Once upon a time Cameron supported feed-in tariffs

Posted by Niall Sookoo — 31 October 2011 at 5:55pm - Comments

Today, the government announced how it was reducing the support it gives to the solar industry through Feed in Tariffs or FITS. The slashing of support will be felt most significantly among those new clean energy companies who have invested heavily in manufacturing solar panels. According to the magazine, Business Green, over 20,000 new jobs were created last year in the solar industry. Now as a result of the halving of most of the tariffs, those companies face a difficult year ahead.

Yet once upon a time FITS were all the rage – indeed when he was keen to show off his green credentials, the then leader of the opposition David Cameron came to Greenpeace and gave a speech on why they were so important to the environment and for green economic growth.
This is what he said: So the question David Cameron and his coalition government has to answer today is why were FITs the answer in opposition but the wrong solution in government?

Excellent work digging out this footage - our politicians should be made to account for their previous statements in opposition when they then do a 180 degree turn after we elect them. I have just sent a question to my local Tory MP about this issue with a link to this footage, though I must say I am not holding my breath in expectation of a sensible answer!

It can only be a good thing to reduce the reliance on feed in tarrifs, they have led in Germany and the UK to the widespread deployment of solar technology that isn't mature enough to be a realistic alternative to more conventional fuel sources.  It's better that companies spend their money investing in developing new and more efficient solar panels rather than being supported in mass producing an inadequate technology.





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Report from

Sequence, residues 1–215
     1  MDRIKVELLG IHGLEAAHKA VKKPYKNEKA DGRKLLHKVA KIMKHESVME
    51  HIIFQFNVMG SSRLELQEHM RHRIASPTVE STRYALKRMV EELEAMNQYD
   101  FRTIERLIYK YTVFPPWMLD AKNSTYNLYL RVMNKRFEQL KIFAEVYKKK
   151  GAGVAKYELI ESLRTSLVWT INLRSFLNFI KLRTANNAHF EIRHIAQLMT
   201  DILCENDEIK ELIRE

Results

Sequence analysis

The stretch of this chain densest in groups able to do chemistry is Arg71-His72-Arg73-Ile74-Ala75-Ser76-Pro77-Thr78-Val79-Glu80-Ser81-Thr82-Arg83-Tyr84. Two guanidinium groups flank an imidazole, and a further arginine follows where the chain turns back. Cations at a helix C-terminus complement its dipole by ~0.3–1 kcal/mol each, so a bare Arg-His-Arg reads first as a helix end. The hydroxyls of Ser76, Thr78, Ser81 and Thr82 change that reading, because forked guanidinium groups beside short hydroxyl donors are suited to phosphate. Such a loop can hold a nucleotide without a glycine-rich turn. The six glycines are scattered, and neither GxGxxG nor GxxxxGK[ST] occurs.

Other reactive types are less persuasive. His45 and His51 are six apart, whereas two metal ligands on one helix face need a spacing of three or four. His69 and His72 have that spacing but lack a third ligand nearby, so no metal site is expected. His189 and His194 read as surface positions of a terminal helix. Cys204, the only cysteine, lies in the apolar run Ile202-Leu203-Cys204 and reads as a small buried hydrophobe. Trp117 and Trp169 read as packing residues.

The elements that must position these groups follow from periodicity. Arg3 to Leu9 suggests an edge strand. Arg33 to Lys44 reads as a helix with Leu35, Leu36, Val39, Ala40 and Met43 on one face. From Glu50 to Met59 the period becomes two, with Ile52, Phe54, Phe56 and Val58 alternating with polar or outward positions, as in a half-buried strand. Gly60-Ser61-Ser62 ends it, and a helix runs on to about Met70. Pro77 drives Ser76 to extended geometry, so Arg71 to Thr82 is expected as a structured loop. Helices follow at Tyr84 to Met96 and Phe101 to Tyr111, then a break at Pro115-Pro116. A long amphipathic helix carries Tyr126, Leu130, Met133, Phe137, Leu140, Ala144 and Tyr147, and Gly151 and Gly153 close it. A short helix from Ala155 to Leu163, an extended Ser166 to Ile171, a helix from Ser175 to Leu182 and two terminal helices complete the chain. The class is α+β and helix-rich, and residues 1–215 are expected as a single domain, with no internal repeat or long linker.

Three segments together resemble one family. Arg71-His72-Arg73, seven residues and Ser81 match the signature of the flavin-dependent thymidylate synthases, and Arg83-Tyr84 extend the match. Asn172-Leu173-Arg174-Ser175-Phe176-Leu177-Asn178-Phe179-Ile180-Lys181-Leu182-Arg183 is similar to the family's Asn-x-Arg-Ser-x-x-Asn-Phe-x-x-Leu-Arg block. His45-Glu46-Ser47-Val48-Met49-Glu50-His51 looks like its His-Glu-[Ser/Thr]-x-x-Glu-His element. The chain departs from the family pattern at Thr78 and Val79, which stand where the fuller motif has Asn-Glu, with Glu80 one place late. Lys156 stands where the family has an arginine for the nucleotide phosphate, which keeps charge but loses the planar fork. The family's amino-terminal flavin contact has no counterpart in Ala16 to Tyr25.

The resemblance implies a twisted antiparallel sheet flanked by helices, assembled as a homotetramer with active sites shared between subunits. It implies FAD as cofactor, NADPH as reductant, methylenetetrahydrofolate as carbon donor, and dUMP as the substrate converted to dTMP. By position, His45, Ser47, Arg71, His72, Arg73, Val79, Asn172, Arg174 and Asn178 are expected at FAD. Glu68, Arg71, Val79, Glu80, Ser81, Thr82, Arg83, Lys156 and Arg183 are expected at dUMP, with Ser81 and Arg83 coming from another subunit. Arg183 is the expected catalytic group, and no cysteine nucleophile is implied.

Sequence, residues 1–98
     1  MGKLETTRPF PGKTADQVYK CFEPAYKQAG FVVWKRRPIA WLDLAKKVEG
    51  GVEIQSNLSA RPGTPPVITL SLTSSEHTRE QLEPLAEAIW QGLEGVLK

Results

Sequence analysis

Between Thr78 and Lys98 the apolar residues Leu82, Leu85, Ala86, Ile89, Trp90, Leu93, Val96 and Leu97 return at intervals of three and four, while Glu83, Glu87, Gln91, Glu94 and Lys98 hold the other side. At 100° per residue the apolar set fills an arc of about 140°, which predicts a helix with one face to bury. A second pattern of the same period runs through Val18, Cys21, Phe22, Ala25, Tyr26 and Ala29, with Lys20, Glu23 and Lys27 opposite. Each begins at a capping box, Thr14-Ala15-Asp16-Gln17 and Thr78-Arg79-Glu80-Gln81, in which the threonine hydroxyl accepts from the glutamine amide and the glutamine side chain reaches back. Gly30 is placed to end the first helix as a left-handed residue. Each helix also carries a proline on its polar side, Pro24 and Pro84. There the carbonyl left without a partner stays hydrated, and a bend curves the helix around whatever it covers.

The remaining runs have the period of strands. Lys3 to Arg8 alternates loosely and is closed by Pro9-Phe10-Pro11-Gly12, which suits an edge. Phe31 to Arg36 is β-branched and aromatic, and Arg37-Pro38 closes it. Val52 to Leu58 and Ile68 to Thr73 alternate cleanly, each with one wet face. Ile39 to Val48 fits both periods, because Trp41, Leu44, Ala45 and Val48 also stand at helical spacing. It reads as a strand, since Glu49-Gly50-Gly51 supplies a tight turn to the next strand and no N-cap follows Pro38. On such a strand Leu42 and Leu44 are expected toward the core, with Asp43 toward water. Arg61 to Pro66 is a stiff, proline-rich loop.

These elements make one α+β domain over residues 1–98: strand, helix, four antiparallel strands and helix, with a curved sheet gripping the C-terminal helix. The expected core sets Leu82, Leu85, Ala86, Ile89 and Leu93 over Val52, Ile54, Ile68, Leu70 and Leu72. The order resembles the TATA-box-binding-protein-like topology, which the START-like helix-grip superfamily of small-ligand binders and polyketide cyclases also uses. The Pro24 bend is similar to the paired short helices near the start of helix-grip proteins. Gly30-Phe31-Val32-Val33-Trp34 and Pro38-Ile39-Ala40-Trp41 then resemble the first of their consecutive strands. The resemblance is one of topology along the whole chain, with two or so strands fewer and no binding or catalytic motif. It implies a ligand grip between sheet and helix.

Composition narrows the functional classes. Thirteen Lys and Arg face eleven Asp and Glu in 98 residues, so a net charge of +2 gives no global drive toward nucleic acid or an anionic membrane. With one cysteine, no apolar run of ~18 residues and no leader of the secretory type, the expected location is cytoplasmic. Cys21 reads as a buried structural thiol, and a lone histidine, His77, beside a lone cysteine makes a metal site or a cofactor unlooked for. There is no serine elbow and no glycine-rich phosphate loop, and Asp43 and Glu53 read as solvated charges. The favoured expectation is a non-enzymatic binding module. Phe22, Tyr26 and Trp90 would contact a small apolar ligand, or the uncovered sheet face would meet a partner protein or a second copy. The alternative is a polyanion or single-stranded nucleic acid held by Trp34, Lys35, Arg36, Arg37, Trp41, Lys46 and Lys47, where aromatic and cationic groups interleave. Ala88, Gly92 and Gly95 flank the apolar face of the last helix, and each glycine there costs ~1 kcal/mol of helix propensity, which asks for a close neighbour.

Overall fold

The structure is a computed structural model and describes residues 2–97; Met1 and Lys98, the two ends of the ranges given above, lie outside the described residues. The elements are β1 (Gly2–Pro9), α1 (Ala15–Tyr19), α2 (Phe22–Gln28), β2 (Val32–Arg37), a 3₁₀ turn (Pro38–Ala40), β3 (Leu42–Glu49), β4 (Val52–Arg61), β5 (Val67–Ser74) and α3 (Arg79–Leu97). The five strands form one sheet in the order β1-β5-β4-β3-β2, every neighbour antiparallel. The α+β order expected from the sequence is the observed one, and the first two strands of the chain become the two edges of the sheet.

the front line

Since the
bomb  was dropped on the 31st
things are getting hot here on the front line...stop

All the big
companies are buying up all the stock and after 4 days rations are hard to come

We are under
constant bombardment...stop

The little
man will find it hard to survive and casualties will be heavy...stop

I trust our
leaders sitting astride their chargers on the hill are enjoying looking down
and watching the slaughter.

Tell my
wife I love her, kiss the dog , and pat the children for me

Forgive them;
they know not what they do!...or do they?...stop


I work for a solar panels company. The future impact is rapidly becoming very obvious.  I’ve spoken to four customers this morning who only want to get quotes for solar panels if they can get them installed from December the 12th onwards (the date the FIT looks to drop to under half its previous level).


The government are arguing that the reason that caused this change in the FIT to be necessary is that solar panel prices have fallen by 30% since April 2010, causing a greater than expected increase in demand for solar panels, so the funding of £167 million for 2012 will run out and there’ll be nothing left for new installations. However, every single time a solar panel installation is carried out, it has to be registered in order to receive the FIT. This means that the government have been constantly collecting statistics showing that their expectations for the number of installations have been far too low, and this has been shown to them since the start of the scheme. This is terrible – the government should have acted much sooner, and given a lot more notice about a potential decrease in the FIT so as not to cause so much instability in the industry by fast-tracking a review of the rates.


Renewable energy is something which requires a lot of investment up front – installing solar panels costs an average of about £10,000. Even with the  new lower rate earned still making them a reasonable investment, they have been made almost untouchable as an investment for many because of this instability that the government have shown towards them – no one is willing to risk so much money on something which they have any doubt over.


The impact of the fall also harms the businesses that construct, and supply solar panels too, which means there's much less incentive for innovation to lead to improved solar panel efficiency, harming this as a potential method of providing a significant quantity of clean energy in the future too. This blog article covers these industry-specific solar panel points in a bit more detail if you fancy a read: http://www.talksolarpanels.co.uk/fit_fall_effects.php


My confidence in the scientific competence of Greenpeace is badly shaken by their support of photovoltaics and FITS. Anyone doing the sums properly concludes that it is the wrong technology for our latitudes. The massive tarrifs are a tax on all electricity consumers, paid to wealthy investors and supporting an innapropriate technology. I want my green tax spent on science not greenwash.

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